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Black Friday Becomes Retail Black Hole of Profits

11/23/2011

The holiday season is about to get underway with what is expected to be the single greatest spending orgy in the history of commerce with more than $20 billion spent on Black Friday compared with $19.3 billion last year, according to MasterCard Advisors SpendingPulse.

As many as 152 million people plan to shop Black Friday Weekend, compared with 138 million who planned to do so last year, according to a preliminary Black Friday shopping survey, conducted for the National Retail Federation by BIGresearch.

The economic weakness of recent years fueled the deal-buying madness until the industry this year basically hit the point of no return and chain after chain announced they would be open at midnight on Black Friday with a handful pushing back even further into Thanksgiving. On Nov. 15th I wrote “Black Friday Has Become Black Thursday” predicting the open earlier phenomenon would be significantly impactful on Black Friday.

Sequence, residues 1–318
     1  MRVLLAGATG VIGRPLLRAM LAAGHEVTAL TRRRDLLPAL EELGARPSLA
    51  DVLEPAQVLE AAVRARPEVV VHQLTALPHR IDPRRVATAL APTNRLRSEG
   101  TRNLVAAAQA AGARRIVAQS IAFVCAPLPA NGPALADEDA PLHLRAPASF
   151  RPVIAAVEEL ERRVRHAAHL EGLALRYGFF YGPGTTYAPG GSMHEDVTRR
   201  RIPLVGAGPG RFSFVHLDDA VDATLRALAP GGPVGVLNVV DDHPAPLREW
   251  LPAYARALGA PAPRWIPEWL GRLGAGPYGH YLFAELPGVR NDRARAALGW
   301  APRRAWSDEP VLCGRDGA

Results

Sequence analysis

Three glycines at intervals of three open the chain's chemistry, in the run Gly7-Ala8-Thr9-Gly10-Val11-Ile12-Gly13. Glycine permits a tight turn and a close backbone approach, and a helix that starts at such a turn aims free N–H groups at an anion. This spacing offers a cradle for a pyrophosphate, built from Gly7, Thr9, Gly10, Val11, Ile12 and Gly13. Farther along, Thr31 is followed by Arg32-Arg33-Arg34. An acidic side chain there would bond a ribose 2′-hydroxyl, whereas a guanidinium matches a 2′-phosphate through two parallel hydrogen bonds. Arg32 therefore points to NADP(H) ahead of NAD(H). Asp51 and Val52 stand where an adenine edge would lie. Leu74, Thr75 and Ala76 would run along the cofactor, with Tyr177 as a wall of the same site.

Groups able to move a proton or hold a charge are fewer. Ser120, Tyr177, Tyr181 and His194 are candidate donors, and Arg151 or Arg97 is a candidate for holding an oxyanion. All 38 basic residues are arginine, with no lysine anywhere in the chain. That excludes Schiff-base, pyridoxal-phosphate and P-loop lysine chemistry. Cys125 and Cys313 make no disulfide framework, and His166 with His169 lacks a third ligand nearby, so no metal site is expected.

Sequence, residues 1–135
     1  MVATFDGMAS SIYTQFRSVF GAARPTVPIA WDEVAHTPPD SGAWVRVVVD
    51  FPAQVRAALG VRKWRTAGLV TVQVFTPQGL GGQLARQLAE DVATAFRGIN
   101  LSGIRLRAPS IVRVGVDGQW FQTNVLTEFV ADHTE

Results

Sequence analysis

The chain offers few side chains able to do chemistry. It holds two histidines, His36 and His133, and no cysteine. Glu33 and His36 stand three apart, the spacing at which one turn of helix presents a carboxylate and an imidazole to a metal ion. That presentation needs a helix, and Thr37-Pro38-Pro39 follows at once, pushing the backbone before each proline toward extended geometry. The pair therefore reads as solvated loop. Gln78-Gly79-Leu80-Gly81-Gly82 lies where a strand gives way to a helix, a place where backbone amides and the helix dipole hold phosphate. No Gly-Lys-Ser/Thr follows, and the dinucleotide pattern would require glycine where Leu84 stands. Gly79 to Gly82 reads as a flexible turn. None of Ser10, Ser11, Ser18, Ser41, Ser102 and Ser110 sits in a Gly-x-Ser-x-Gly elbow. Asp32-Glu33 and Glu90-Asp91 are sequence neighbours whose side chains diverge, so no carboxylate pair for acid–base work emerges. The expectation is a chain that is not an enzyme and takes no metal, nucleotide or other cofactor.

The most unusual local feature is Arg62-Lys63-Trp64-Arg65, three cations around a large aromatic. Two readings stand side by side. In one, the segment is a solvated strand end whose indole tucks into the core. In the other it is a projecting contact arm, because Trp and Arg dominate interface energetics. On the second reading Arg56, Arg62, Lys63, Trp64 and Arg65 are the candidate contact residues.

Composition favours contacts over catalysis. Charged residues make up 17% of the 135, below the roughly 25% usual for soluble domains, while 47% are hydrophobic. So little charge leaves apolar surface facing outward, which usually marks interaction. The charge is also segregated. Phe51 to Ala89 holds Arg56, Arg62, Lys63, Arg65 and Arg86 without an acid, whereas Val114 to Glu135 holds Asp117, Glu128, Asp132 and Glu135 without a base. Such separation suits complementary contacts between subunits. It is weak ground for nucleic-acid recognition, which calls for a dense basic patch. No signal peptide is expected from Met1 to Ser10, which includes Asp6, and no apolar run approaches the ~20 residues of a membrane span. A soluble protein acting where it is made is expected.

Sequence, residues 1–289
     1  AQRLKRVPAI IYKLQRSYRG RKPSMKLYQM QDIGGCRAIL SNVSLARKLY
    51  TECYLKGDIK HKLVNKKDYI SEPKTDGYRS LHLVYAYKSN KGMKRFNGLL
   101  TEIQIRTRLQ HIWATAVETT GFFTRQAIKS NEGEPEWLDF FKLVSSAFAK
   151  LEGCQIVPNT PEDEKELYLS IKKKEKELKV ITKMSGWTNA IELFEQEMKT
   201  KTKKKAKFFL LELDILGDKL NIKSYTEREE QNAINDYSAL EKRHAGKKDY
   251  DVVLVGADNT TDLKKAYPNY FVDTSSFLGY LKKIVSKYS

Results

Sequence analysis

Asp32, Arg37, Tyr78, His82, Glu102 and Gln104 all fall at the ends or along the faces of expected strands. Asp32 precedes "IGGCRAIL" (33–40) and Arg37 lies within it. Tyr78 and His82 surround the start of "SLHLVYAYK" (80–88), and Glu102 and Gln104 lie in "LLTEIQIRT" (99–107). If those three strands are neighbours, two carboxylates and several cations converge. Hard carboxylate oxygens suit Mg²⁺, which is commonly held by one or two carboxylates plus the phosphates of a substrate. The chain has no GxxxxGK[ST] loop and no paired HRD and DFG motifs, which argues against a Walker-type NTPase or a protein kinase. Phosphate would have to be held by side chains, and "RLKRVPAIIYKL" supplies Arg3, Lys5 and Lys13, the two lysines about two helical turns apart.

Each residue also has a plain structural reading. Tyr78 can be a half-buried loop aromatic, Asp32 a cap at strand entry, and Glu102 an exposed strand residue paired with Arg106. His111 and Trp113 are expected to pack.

The point of no return is into the black hole of discounting. It appears the only reason consumers shop on the Friday after Thanksgiving is because of the “deals”. Not because many people have the day off, or it’s the start of the holiday season, or (perhaps more traditionally) it’s when stores finally have their holiday displays up and merchandise available. It’s the deals.

This is a slippery slope for retailers. What happens next? Does Black Friday becomes Black Week, Black November…then fades to black. It is no longer an event, it is a discounting season that retailers have trained consumers to anticipate and respond to. That’s too bad for retailers because most merchants cannot afford to give away the margin dollars at this time of year. After all, isn’t that how the term “Black Friday” came to pass? It was the day when most retailers flipped from operating in the red to profitably operating in the black.

At this rate the new Black Friday will be the day after Christmas – regardless of what day of the week it falls on.

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